It was in context to this:

    However party members are more radical than the average voter so involving them in internal decision making has shifted the Labour parties ideological profile to the extremes and away from the views that a majority of Labour voters represent. What that does is to diminish the capacity of the party to perform their representative functions.

    A party can be internally democratic or electorally successful but not both at the same time

    Read more: https://www.diynot.com/diy/threads/jeremy-corbyn-should-be-hanged.526472/page-2#ixzz5v5OnDY00

    See above.

    Regarding the Conservatives, sure thats not democratic either -but that needs to be discussed in context with the Tories, not as a justification for the Labour situation.

    Corbyn and his closest advisors are Idealogues. Andrew Murray for example ex communist party member and public school background. He and his ideas arent working class.

    Momentum is a middle class activist movement. It does not represent traditional working class values.
    The worrying truth is that Momentum is actually a middle-class movement exploiting the alienation now felt by university graduates, the public sector, remainers and metropolitan voters https://www.totalpolitics.com/artic...mentum-–-according-theresa-may’s-policy-chief

    Mr Corbyn is in fact presiding over the takeover of the party by three groups: ethnic minorities, particularly Muslims; public-sector professionals; and frustrated millennials, most of them the university-educated children of the salaried middle class, who can’t get their feet on the property ladder. The latest membership figures show that 77% of party members are middle-class

    IPSOS Mori estimates that, in the June 2017 general election, 73% of ethnic-minority voters voted Labour compared with 39% of ethnically white voters. Thirteen of the party’s 20 best performances were in heavily Muslim areas. Labour’s best chance of holding onto the Midlands lies in mobilising the Muslim vote, rather than in appealing to Jaguar LandRover workers https://www.economist.com/bagehots-...er-the-party-of-the-traditional-working-class


    If your argument Corbyn is changing the Labour party values back towards the traditional working class voters, then that doesnt hold true.

    In any case, my argument is not what Corbyn represents, it is the fact the party members that voted for him are not representative of the traditional Labour voter.

    I dont understand. Corbyn could be a leader of a party that embraces moderate and harder left values. That way it would make irself electable.

    Instead Corbyn has created a party within a party.

    Yes, which makes a good case for having a strong opposition not a weak one.

    Take Frank Field: look at his campaigns, he has been an ardent campaigner agaanst inequality. He was a valuable member of Labour and hardly a Tory.

    Sarah Champion played a key role in the Rochdale abuse case - again a valuable MP, hardly a Tory.

    Chuka Ummuna: Chuka Umunna knows something is up: ‘we are a deeply divided country … and our politics is broken’.1 But the reader of What are Progressives For? will come away with a strange picture of just what broke British politics. Umunna is clear that Brexit is a ‘symptom, not a cause’,2 and he certainly has a long list of other symptoms including inequality, homelessness, the productivity gap, crime, and child poverty. Surprisingly, Umunna identifies division in the political parties as the ultimate source of Britain’s problems http://www.renewal.org.uk/blog/politics-for-the-twentieth-century-chuka-umunnas-third-way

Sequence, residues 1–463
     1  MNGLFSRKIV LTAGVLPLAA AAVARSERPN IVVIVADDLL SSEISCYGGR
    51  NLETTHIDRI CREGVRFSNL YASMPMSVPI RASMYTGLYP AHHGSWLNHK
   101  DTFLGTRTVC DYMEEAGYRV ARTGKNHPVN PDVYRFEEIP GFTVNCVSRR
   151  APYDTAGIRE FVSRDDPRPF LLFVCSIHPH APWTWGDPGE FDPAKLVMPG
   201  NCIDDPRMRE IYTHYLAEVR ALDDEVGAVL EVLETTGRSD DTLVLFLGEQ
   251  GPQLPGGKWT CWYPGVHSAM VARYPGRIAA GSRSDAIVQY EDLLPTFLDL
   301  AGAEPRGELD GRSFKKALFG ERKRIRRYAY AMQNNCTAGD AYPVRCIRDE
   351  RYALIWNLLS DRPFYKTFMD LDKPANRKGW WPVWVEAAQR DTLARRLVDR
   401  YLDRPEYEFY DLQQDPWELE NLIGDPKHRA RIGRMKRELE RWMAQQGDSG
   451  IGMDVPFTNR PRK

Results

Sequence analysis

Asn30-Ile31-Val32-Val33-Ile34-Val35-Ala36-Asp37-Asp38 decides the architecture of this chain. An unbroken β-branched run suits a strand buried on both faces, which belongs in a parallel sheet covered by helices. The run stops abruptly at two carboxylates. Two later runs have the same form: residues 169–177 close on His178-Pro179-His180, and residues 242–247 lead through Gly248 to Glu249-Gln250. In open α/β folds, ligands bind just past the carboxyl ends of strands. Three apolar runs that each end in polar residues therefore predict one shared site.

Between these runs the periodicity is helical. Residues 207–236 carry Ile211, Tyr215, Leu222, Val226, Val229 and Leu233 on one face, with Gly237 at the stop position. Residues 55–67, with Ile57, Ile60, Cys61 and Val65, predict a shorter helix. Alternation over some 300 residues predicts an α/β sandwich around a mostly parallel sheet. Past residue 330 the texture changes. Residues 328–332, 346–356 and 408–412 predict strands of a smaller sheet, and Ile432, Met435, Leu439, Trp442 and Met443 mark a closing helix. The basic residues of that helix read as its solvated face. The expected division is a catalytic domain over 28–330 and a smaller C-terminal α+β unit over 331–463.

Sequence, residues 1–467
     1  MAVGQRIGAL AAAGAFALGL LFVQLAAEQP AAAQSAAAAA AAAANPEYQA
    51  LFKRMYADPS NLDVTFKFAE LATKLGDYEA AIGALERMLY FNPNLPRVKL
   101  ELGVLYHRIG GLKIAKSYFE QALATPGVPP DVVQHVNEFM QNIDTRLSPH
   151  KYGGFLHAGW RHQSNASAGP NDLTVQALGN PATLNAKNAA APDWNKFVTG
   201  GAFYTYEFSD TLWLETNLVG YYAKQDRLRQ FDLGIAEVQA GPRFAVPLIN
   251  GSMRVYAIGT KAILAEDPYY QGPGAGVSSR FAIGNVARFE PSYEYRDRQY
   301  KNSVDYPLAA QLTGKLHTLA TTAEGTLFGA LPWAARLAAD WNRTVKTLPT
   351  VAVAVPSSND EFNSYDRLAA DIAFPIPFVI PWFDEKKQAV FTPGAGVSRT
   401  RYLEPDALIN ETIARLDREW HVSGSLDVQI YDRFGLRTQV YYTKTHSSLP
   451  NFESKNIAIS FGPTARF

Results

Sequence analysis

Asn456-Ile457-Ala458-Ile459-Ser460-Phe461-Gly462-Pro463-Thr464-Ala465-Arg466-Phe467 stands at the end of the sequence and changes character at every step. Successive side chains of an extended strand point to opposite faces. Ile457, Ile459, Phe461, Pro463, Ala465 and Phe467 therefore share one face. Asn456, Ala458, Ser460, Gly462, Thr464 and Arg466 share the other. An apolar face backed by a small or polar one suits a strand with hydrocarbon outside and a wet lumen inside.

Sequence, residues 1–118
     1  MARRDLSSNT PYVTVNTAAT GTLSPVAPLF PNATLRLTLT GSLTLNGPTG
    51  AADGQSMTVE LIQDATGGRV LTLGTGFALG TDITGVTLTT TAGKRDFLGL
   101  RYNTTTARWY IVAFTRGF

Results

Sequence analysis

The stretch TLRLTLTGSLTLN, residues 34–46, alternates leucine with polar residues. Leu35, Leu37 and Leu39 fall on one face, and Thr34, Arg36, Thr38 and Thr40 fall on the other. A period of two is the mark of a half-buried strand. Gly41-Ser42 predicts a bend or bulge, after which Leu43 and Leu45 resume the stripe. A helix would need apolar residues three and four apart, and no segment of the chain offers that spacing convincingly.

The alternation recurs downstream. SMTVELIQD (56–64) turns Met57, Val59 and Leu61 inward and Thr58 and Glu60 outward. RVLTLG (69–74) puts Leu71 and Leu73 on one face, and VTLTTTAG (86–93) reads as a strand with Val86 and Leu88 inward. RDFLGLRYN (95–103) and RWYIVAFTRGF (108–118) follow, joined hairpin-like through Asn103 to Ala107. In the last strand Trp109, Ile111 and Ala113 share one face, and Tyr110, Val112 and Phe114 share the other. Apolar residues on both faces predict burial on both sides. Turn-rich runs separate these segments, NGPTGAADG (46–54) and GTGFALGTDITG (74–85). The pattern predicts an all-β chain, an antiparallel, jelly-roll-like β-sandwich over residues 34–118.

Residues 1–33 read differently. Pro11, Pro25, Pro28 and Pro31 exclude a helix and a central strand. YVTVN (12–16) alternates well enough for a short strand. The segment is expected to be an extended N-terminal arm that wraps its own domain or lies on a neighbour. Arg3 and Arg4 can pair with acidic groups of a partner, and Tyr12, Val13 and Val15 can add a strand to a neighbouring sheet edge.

So Chuka Umunna is deeply concerned about poverty, inequality. Do you think those values lie with Labour or Tory?

    Those that simply think these are Blairites or red Tories are not looking at the people and what they represent.

    Am I not allowed to discuss the Labour party.

    Your point here seems rather a strange one.
     
  12. Notch7

    Notch7

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    Load of carp.

    You real have a hang up about nothing.

    Let it go, its eating you up :ROFLMAO:
     
  13. banjodeano

    banjodeano

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    You are talking nonsense again, you are mixing things up by talking about labour members and labour voters....forget labour voters, we are talking about labour party membership, a membership that has doubled because of Corbyn, now standing at half a million, now if people dont want to vote for Corbyn then that is fine, but that has diddly squat to do with whether the labour party is now democratic or not...
    So let me ask you a question...

    Do you not think that the party membership should say who represents them? or do you think they should be ignored as in the past and be dictated to who represents them? the membership IS THE PARTY, not the other way round, the MP's are not the party..
    As for Chukka and the rest, they were never in the right party to start with , they are Blue Tories, and the party is better off without them, i just wish they would take Watson with them, he is the enemy within
     
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  14. EFLImpudence

    EFLImpudence

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    Yes, it's like people who used to complain that the unions had too much influence in the Labour Party.
     
  15. banjodeano

    banjodeano

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    Yes what?